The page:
Journalist Protection Act introduced by N.J. senator Menendez

NJ senator Bob Menendez introduced the Journalist Protection Act, which would codify the intentional assault of a journalist as a federal crime. The proposed legislation comes amid President Donald Trump’s criticism of the press.

Photo courtesy to Flickr/US Capitol

According to newsmax.com, there was a similar act introduced in 2018, but the effort failed in the Republican-controlled Congress. Govtrack.com states the act would amend title 18 of the United States Code and “provide a penalty for assault against journalists.”

Junior journalism major Payton Seda believes the legislation would provide positive support for journalists.

She wrote in an email that although this act would make journalists’ jobs easier, it would not decrease the overall hostility expressed towards journalists.

“I think there has always been and will always continue to be a negative perception of journalists because it’s our job not to appease to people’s feelings or beliefs but to challenge them and point out the flaws in our government and society,” Seda said. “We are an easy scapegoat.”

However, Seda conveyed that it’s troubling that violence targeted at journalists is abundant. She finds it “unsettling” that individuals must be told by the government “that harming another person, even if that person is a journalist, is wrong.”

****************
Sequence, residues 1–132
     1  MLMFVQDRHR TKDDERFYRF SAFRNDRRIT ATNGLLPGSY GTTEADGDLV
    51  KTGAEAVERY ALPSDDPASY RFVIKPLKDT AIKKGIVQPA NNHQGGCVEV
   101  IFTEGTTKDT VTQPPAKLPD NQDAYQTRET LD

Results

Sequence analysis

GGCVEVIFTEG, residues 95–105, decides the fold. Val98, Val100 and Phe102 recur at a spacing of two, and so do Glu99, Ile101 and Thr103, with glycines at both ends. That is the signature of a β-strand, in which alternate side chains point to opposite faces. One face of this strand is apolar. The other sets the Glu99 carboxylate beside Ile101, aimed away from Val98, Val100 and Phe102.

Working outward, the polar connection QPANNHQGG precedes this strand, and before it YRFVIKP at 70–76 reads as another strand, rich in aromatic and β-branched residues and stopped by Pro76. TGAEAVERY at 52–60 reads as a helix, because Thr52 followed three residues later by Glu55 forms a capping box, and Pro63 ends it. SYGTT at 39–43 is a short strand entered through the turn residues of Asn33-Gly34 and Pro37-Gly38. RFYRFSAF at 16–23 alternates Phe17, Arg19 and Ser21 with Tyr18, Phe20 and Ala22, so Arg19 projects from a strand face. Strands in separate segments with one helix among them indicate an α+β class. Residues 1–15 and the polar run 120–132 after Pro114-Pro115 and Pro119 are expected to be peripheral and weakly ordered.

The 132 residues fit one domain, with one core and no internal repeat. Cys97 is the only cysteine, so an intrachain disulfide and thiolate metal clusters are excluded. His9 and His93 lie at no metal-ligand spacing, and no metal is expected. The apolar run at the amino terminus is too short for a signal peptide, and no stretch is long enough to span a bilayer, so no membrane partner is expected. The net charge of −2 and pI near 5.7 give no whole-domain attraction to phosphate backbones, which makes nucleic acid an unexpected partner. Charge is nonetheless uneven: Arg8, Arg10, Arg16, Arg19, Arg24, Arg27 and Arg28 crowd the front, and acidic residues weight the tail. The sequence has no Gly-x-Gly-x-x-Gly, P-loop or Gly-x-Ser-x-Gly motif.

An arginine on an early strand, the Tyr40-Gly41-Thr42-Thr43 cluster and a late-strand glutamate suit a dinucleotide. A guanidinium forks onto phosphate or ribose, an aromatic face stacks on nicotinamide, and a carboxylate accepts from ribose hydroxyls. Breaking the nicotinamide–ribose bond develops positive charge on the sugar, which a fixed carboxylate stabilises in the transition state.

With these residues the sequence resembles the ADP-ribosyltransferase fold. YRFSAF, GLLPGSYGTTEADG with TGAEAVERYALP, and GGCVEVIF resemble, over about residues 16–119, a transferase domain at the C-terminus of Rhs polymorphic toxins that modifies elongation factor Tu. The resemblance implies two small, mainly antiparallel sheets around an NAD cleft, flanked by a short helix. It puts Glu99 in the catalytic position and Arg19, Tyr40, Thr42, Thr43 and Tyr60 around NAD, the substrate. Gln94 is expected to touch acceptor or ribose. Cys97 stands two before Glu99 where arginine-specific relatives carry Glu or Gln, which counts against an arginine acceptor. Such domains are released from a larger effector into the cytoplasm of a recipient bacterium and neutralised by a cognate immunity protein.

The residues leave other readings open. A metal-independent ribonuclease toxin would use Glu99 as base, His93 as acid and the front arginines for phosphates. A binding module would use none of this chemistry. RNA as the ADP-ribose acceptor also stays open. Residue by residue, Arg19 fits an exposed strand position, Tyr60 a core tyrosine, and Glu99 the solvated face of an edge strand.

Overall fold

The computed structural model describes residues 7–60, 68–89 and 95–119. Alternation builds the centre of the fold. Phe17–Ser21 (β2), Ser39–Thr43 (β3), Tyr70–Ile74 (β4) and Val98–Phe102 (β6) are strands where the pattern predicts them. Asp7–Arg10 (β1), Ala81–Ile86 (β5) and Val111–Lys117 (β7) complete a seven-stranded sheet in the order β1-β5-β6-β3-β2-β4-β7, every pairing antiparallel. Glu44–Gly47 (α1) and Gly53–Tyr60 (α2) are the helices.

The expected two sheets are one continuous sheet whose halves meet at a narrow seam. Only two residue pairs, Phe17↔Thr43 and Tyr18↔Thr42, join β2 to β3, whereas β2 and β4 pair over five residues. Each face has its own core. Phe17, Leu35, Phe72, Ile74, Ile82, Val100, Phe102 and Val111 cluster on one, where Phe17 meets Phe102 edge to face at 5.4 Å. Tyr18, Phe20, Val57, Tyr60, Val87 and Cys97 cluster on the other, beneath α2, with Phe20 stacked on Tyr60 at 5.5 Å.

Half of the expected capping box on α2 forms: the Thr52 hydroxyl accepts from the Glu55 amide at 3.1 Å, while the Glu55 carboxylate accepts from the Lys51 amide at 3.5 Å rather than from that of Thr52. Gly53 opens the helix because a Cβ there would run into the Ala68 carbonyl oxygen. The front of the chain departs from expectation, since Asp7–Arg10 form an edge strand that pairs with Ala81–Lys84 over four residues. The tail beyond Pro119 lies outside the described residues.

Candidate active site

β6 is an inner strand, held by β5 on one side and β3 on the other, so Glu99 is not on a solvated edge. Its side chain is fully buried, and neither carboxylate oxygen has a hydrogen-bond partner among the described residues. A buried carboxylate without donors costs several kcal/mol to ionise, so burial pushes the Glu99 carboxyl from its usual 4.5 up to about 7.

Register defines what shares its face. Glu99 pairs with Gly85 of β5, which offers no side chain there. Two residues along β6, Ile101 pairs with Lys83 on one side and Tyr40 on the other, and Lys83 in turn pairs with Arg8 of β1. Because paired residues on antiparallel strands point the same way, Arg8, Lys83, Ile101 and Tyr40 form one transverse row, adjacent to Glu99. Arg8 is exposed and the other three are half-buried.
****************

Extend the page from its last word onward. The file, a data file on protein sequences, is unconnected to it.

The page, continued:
National Public Radio reported on a Reporters Without Borders on an international report which claimed violence towards journalists “has reached unprecedented levels.”

The report tallies deaths as investigated and confirmed with “a great deal of confidence” as reported by npr.org. RSF’s report detailed that six journalists died on the job in the United States, including four journalists and a staffer who were murdered by a gunman at the Capital Gazzette newsroom in Annapolis, Md, according to npr.org.

A Finance and journalism minor, William O’Connell said he likes that the JPA lists specific legal protections for journalists.

“Journalists are the 4th check,” O’Connell said. “They do the public a favor by holding politicians accountable, but when people no longer want their leaders held accountable, what in the world am I supposed to do? Write puff pieces about the president?”

Thomas Schwartz can be reached at thomas.schwartz@student.shu.edu.

Author: Thomas Schwartz

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